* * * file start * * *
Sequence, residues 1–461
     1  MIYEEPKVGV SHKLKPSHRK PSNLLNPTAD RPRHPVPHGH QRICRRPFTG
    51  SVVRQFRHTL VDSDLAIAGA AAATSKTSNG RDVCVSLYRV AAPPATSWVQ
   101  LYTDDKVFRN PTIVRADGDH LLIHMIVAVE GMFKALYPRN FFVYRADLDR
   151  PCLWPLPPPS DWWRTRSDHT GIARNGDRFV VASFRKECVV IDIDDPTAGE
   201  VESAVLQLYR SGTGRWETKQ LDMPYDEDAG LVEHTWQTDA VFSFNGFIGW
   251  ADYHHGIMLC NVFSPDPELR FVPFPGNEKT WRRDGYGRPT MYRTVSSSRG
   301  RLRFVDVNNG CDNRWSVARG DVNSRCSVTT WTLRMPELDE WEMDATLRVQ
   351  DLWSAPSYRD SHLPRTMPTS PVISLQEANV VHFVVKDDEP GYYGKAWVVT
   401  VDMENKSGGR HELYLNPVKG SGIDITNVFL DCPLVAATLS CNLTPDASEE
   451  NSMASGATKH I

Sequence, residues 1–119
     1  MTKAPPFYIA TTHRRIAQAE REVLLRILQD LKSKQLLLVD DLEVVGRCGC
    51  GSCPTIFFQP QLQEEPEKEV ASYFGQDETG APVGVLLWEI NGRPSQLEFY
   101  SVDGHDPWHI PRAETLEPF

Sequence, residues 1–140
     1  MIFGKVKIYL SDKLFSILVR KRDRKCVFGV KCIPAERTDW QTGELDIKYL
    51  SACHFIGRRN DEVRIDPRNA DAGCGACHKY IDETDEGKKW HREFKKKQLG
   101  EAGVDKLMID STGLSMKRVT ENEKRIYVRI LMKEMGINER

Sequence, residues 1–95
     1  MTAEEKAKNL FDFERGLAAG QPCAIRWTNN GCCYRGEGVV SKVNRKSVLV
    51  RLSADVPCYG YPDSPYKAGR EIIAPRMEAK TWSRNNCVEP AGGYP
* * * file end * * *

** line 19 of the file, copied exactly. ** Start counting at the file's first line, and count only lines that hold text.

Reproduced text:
   101  EAGVDKLMID STGLSMKRVT ENEKRIYVRI LMKEMGINER